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# Quantum mechanics

## Recommended books

### I suggest these books. If one puts in the effort then one comes out with a better understanding of the subject.

The Cosmic Code: Quantum Physics as the Language of Nature, Heinz R. Pagels

Quantum Reality: Beyond the New Physics, Nick Herbert

In Search of Schrödinger’s Cat: Quantum Physics and Reality, John Gribbon

## Learning Standards

SAT Subject Test: Physics

Quantum phenomena, such as photons and photoelectric effect
Atomic, such as the Rutherford and Bohr models, atomic energy levels, and atomic spectra
Nuclear and particle physics, such as radioactivity, nuclear reactions, and fundamental particles
Relativity, such as time dilation, length contraction, and mass-energy equivalence

A Framework for K-12 Science Education: Practices, Crosscutting Concepts, and Core Ideas (2012)

Electromagnetic radiation can be modeled as a wave of changing electric and magnetic fields or as particles called photons. The wave model is useful for explaining many features of electromagnetic radiation, and the particle model explains other features. Quantum theory relates the two models…. Knowledge of quantum physics enabled the development of semiconductors, computer chips, and lasers, all of which are now essential components of modern imaging, communications, and information technologies.

Massachusetts Science and Technology/Engineering Curriculum Framework 2006

Chemistry: Atomic Structure and Nuclear Chemistry
Atomic models are used to explain atoms and help us understand the interaction of elements and compounds observed on a macroscopic scale. Nuclear chemistry deals with radioactivity, nuclear processes, and nuclear properties. Nuclear reactions produce tremendous amounts of energy and lead to the formation of elements.

2.1 Recognize discoveries from Dalton (atomic theory), Thomson (the electron), Rutherford (the nucleus), and Bohr (planetary model of atom), and understand how each discovery leads to modern theory.
2.2 Describe Rutherford’s “gold foil” experiment that led to the discovery of the nuclear atom. Identify the major components (protons, neutrons, and electrons) of the nuclear atom and explain how they interact.
2.3 Interpret and apply the laws of conservation of mass, constant composition (definite proportions), and multiple proportions.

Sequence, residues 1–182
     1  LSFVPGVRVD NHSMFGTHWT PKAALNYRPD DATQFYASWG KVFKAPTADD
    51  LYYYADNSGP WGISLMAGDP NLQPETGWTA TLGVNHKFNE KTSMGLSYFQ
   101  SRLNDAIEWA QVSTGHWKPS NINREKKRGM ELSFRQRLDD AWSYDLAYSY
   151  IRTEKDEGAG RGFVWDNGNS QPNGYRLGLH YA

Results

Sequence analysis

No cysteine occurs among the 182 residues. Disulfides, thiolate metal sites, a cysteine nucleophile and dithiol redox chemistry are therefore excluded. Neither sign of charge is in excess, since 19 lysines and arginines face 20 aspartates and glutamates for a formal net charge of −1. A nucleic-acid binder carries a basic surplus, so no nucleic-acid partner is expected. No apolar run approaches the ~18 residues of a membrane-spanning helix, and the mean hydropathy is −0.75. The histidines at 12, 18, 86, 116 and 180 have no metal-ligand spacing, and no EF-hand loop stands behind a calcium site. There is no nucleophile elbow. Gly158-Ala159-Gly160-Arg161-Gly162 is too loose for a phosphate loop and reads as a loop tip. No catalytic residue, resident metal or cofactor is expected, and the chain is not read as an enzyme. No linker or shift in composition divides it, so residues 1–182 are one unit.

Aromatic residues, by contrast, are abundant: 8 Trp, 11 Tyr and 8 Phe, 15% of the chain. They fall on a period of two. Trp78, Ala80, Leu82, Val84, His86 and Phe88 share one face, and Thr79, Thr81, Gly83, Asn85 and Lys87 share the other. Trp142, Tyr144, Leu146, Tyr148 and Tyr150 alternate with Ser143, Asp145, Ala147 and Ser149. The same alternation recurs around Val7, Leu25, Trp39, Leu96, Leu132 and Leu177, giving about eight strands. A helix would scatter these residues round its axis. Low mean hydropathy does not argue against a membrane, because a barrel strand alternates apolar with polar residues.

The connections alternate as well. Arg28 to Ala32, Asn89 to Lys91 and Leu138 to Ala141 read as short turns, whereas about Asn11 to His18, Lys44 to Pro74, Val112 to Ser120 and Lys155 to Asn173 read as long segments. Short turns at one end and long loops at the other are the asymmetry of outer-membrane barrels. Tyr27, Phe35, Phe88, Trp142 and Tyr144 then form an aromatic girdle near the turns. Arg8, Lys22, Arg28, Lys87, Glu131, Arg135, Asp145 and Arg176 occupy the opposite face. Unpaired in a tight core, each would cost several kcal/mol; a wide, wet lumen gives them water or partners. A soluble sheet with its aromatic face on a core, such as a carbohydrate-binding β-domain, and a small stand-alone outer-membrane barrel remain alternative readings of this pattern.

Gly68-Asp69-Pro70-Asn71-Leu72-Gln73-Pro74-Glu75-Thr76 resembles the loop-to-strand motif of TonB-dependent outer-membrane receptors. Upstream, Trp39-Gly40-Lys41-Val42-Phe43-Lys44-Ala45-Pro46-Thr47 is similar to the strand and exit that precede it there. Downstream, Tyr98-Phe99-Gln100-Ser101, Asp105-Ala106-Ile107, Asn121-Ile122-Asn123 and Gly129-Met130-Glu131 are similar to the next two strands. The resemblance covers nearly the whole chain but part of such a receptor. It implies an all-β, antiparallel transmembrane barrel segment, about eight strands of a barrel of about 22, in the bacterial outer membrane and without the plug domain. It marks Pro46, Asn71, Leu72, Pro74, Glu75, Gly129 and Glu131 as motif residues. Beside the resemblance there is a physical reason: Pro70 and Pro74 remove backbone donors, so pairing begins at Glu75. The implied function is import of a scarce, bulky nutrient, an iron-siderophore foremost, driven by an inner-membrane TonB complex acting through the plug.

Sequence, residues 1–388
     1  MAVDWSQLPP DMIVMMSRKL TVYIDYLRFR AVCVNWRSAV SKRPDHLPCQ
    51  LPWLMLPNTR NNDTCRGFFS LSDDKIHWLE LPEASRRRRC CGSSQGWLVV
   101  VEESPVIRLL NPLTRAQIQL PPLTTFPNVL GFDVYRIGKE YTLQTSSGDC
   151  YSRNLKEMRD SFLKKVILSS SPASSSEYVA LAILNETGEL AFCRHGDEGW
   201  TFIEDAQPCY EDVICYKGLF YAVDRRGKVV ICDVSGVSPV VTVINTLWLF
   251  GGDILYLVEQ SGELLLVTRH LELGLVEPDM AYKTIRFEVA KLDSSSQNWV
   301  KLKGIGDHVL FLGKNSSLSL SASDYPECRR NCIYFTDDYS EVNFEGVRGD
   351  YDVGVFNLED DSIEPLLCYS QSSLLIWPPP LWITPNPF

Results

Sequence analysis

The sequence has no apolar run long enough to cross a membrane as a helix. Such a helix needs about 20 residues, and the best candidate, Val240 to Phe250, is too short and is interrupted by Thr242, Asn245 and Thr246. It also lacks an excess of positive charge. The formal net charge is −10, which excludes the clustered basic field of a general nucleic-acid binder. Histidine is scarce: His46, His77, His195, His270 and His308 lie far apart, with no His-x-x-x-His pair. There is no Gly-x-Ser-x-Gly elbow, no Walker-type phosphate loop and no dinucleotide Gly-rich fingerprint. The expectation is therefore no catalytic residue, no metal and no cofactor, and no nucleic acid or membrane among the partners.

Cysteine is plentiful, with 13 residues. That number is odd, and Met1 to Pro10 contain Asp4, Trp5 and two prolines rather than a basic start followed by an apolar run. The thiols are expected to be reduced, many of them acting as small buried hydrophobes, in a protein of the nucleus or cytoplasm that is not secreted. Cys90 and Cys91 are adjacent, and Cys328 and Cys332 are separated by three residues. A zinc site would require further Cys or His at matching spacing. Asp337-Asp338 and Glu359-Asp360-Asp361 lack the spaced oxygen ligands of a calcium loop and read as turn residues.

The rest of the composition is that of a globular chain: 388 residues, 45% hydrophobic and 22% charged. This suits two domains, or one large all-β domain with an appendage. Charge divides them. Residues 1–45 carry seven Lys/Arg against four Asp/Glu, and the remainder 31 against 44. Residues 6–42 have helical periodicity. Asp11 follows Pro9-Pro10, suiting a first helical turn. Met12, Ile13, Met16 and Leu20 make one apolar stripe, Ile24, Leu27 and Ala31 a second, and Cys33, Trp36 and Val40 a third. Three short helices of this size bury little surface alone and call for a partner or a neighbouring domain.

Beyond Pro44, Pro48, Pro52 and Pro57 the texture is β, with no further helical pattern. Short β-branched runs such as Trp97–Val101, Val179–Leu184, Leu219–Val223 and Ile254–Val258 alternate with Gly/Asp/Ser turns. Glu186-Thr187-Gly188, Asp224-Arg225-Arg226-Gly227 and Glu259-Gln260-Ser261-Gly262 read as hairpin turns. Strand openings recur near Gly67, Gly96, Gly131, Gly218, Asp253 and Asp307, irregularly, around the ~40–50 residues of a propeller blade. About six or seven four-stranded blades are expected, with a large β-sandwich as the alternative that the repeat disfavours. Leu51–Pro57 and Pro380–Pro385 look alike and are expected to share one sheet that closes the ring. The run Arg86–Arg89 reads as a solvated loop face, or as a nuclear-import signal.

2.4 Write the electron configurations for the first twenty elements of the periodic table.
2.5 Identify the three main types of radioactive decay (alpha, beta, and gamma) and compare their properties (composition, mass, charge, and penetrating power).
2.6 Describe the process of radioactive decay by using nuclear equations, and explain the concept of half-life for an isotope (for example, C-14 is a powerful tool in determining the age of objects).
2.7 Compare and contrast nuclear fission and nuclear fusion.

AP Physics Curriculum Framework
Essential Knowledge 1.D.1: Objects classically thought of as particles can exhibit properties of waves.
a. This wavelike behavior of particles has been observed, e.g., in a double-slit experiment using elementary particles.
b. The classical models of objects do not describe their wave nature. These models break down when observing objects in small dimensions.

Learning Objective 1.D.1.1:
The student is able to explain why classical mechanics cannot describe all properties of objects by articulating the reasons that classical mechanics must be refined and an alternative explanation developed when classical particles display wave properties.

Essential Knowledge 1.D.2: Certain phenomena classically thought of as waves can exhibit properties of particles.
a. The classical models of waves do not describe the nature of a photon.
b. Momentum and energy of a photon can be related to its frequency and wavelength.

Content Connection: This essential knowledge does not produce a specific learning objective but serves as a foundation for other learning objectives in the course.